This is important because we know that physical activity is a critical component of healthy growth and development and physical activity levels decline as children age. In fact, the most recent data indicates that few school-aged children meet the physical activity guidelines and only 15% of 3 and 4-year-olds meet both the physical activity and the sedentary guidelines. Since physical activity behaviours track from early childhood to adulthood, changing health behaviours in young children is considerably easier than in older children or adults, so targeting these preschooler ages and young children is paramount for us.

David Coulombe: Could you talk to me about or tell me more about the Activity Begins in Childhood, the ABC program, you are testing in daycares?

Dr. Kristi Adamo: So we know that the early years have been identified as a critical time point for building a foundation for learning. Lifestyle is controlled by the caregivers and parents of these young children, so it’s important to try to intervene where the kids spend their time and with these role models that they are surrounded with. So we’ve developed a program that’s aimed at increasing preschool-aged children’s physical activity levels and to reduce the time they spend being sedentary.

Our ABC intervention is designed so that the childcare providers are providing an active curriculum. We train them to incorporate physical activity in the learning environment, to change their activities to more kinesthetic or active types of activities. We provide them with a manual that helps them design games and choose games that keep kids active and we also send in some of our staff members every once in a while to help them troubleshoot and to help them encourage more physical activity in their classrooms or in their daycare settings. So we are trying to provide them with the tools in order to allow them to facilitate activity in the daycare setting.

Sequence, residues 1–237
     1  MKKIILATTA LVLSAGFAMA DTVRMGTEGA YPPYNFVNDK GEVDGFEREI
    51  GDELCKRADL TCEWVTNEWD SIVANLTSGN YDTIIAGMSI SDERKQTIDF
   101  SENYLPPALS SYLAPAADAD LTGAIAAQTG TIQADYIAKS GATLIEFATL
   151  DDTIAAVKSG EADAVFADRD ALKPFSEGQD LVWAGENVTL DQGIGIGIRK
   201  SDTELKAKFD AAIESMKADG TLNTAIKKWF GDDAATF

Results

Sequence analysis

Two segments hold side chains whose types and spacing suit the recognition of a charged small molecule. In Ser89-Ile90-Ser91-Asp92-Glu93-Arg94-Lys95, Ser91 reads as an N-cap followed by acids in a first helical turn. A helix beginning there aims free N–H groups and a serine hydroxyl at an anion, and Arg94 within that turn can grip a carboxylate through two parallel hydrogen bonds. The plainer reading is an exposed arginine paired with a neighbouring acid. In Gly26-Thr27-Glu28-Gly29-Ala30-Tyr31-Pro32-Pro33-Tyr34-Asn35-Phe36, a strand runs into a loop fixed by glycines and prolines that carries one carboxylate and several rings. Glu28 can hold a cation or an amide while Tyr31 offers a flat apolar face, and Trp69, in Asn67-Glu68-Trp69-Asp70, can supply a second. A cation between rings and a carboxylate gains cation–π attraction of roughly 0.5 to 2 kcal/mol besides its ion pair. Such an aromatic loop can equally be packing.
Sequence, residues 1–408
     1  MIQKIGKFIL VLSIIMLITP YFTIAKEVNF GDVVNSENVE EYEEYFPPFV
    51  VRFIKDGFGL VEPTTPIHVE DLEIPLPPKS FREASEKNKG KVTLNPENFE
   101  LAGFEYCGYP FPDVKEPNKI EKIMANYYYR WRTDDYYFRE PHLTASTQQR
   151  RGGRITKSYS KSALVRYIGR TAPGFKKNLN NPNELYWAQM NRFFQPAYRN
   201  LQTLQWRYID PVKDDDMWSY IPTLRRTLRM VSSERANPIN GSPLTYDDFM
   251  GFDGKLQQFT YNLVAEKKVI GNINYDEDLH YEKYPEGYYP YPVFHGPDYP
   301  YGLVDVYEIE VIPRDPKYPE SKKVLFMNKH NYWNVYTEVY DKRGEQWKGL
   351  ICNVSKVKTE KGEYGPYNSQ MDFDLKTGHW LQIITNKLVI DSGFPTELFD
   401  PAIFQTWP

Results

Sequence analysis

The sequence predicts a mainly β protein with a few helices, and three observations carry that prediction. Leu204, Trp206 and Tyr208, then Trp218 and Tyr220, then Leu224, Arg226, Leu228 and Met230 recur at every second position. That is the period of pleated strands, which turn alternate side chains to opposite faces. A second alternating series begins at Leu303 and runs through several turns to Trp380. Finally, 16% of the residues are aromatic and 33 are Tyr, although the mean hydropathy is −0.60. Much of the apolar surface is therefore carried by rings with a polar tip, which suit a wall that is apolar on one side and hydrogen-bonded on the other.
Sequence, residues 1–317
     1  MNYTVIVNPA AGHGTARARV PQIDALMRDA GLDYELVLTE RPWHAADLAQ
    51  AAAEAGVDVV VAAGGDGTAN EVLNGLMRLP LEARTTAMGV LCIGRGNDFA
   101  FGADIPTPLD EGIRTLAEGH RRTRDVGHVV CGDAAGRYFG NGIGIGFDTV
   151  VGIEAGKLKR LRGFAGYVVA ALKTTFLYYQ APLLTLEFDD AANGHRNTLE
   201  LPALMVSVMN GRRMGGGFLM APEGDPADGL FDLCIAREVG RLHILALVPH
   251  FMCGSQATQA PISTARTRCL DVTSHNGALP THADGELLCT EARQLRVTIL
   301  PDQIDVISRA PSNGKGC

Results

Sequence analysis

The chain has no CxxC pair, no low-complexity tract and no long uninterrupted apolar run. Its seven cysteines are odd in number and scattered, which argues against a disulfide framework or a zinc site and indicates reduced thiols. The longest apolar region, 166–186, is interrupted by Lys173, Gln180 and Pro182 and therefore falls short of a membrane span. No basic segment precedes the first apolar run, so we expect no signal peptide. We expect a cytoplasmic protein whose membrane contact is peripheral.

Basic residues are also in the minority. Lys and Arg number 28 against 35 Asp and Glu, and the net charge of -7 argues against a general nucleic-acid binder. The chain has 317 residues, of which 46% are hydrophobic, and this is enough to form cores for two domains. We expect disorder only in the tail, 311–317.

In the future, it’s our hope to impact policy and curriculum development for daycare centers as well as to ensure that early childhood educators are getting the appropriate training to recognize the benefits of physical activity as well as to facilitate a physically active curriculum.

David Coulombe: Something interesting is your study uses an accelerometer to collect data on physical activity levels. So how does this work exactly?

Dr. Kristi Adamo: So if you’ve ever used a pedometer, most people know what pedometers are. I know that often cereal boxes give them away, you can get them for free at various trade shows, etc. An accelerometer is like a super pedometer – it’s a really fancy pedometer. So it gives us information about a child’s activity pattern. So children in our study wear what is called an actical accelerometer on a stretchy belt around their waist. And we’re able to then gather information on their regular physical activity patterns – not only how much activity they’re doing, but when they’re doing it, how intense it is, sort of its time stamp, which is very important because pedometers don’t offer this. This also allows us to have a direct measure of how much time they spend sitting, or sedentary, which is what most studies cannot provide.

David Coulombe: Maybe, last question Dr. Adamo, what are some of the health benefits and long-term impacts of improving physical activity at a young age?

Dr. Kristi Adamo: That’s an excellent question and when it comes to it, what we have to know is physical activity is important for all ages, but it is particularly important in young ages because it improves sleep, it improves school performance, it improves mood, there are impacts on self-esteem, reduces the risk of depression, it boosts energy, and most importantly at this age, it can be fun. So it’s important to know that physical inactivity and poor fitness are risk factors for things like obesity, and metabolic disease and other kinds of diseases. And because we know that physical activity levels track from early childhood to adulthood, increasing physical activity levels in the early years are really important to ensure that kids are on the right growth trajectory and on the right trajectory when it comes to health habits.

David Coulombe: Very interesting. Thank you very much, Dr. Adamo.

Dr. Kristi Adamo: Thank you very much, David.